Matson Proceeding with LNG Retrofit for 2018-Built Containership
Matson Navigation is moving forward with a plan to retrofit one of its large containerships for LNG-fueled operations making it one of the first shipping companies to pursue the conversion of their existing ships. MAN Energy Solutions reports that it has signed a contract for the retrofit of the main engine aboard the 2018-built Daniel K. Inouye along with an option for an unnamed second vessel, likely her sistership Kaimana Hila also built at Philly Shipyard and delivered in 2019.
When she was introduced in November 2018, the Daniel K. Inouye was the largest containership ever built in the United States. At over 51,400 dwt, the 850-foot long, vessel was also Matson's largest ship and its fastest, with a top speed in excess of 23 knots. She is rated with a capacity of 3,600 TEU and was outfitted with the MAN B&W 7S90ME-C engine designed to be adapted to use liquefied natural gas (LNG) in the future.
“Retrofitting a MAN B&W engine to dual-fuel running is a straightforward, proven process as our standard, electronic diesel engines are already built as ‘dual-fuel ready’ and are therefore readily convertible,” said Jens Seeberg, Head of Retrofit & Upgrades at MAN Energy Solutions, PrimeServ Denmark. “Dual-fuel retrofits offer a viable pathway to shipowners such as Matson who foster a company-wide ethic of environmental sustainability and wish to achieve a net-zero carbon footprint by 2050. Ultimately, when bio-LNG and SNG come online in sufficient volumes, ME-GI engines operating on these fuels will also satisfy such net-zero aspirations.”
During the retrofit, the engine will be converted to the MAN B&W 7S90ME-GI type capable of operating on LNG and fuel oil. According to MAN, the gas injection engine has set a new industrial standard for two-stroke propulsion engines. It is high-efficiency, two-stroke technology, without the greenhouse emissions such as methane slip that are characteristic of other engines. MAN Energy Solutions states that, as the lowest carbon-intensity fuel, operation on LNG is projected to reduce the Daniel K. Inouye’s CO2 emissions by 24 percent with a maximum, guaranteed, ultra-low methane slip of between 0.20-0.28 g/kWh across the load envelope.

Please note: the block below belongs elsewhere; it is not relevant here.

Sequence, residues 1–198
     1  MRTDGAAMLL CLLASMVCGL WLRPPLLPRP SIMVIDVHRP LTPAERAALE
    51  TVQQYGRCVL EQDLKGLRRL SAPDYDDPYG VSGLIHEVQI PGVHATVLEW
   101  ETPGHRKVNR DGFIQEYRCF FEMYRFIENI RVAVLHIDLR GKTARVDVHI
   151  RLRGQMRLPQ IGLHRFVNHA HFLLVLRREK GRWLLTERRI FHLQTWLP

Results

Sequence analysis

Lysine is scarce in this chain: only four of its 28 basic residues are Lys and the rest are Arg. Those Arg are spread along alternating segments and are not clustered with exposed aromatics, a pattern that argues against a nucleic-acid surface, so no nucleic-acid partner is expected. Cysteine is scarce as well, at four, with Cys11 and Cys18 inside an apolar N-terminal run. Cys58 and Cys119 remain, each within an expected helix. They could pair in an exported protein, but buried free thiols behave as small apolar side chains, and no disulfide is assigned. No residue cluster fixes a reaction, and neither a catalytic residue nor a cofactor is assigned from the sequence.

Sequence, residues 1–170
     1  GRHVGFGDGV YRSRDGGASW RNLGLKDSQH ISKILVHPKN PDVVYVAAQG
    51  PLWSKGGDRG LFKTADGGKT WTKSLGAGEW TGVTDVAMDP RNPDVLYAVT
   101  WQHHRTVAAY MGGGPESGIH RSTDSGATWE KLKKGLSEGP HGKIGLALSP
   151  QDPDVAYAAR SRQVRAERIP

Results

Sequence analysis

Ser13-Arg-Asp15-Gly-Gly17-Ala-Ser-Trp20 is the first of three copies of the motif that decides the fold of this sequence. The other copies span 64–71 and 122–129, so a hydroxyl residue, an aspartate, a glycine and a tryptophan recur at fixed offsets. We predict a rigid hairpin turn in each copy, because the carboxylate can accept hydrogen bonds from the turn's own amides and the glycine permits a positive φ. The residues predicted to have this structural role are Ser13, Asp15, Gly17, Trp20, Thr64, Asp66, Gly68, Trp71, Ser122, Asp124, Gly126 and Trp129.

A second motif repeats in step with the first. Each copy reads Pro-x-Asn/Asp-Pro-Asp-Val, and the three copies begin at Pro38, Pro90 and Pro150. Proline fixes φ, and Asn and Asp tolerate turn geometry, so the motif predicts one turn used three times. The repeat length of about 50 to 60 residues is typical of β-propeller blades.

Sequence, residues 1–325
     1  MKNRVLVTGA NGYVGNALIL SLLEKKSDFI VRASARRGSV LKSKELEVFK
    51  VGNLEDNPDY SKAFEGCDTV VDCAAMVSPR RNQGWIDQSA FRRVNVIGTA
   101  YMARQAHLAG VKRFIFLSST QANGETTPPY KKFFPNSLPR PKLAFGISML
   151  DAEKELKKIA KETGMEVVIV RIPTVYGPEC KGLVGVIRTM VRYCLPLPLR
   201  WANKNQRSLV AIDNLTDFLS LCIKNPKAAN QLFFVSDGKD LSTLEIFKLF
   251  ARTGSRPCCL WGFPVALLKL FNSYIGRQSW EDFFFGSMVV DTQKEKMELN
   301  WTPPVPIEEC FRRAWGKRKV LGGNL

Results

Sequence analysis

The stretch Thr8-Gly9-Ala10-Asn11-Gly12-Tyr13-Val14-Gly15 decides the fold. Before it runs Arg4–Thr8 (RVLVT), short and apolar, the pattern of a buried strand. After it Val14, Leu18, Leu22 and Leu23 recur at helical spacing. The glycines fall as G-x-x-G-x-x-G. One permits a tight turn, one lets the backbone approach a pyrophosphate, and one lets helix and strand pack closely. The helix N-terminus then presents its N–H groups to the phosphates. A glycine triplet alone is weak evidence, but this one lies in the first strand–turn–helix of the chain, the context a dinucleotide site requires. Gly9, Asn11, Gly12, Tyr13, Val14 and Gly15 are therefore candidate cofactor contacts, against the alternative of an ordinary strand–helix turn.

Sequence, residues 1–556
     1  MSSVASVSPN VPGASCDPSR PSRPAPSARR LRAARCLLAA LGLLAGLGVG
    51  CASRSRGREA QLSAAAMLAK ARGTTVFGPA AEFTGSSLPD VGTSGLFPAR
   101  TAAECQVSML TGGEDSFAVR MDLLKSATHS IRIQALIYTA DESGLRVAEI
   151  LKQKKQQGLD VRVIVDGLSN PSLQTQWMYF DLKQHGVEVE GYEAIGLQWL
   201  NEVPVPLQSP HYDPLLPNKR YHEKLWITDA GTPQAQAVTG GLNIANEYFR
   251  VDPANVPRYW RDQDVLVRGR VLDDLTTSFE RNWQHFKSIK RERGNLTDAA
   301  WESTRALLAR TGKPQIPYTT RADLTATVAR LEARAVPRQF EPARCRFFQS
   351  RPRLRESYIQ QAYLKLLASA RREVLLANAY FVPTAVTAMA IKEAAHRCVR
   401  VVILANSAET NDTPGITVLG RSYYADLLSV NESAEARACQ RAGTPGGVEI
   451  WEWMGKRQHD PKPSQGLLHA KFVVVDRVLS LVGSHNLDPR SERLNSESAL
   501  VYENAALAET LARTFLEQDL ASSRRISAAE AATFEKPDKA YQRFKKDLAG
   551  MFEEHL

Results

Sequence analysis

As part of the retrofit solution, MAN Energy Solutions will also provide a high-pressure pump and vaporizer for MAN B&W ME-GI engines, which will be integrated into the Daniel K. Inouye’s Fuel Gas Supply System. The PVU pressurizes LNG to 300 bar and vaporizes the liquefied fuel to gaseous form for supply to the main engine.
Details were not announced on the timeline or location of the conversion. Post-retrofit, the Daniel K. Inouye is expected from mid-2023 to continue to operate on trans-Pacific routes between the U.S. West Coast and Asia.
Matson will be one of the first shipping companies to undertake the conversion of a large vessel to LNG while others such as BW LPG converted vessels to operate on LPG. Hapag-Lloyd completed the first conversion in 2021 on one of its South Korean-built containerships to operate on LNG. Despite also being designed for the LNG conversion, Hapag reported the cost was $35 million which made further conversions financially impractical. The German carrier viewed the conversion as a pilot project noting that the conversion cost would have to be brought down by a third to make sense to proceed with further conversions.
Matson built the Daniel K Inouye and her sister ship using the MAN engines that would permit the conversion to LNG. They also built two other containerships, the Lurline and Matsonia, calling them its first LNG-ready combination ro-ro containerships. The four ships were built as part of an extensive fleet modification effort replacing older diesel-fueled vessels that would not meet the newer environmental requirements.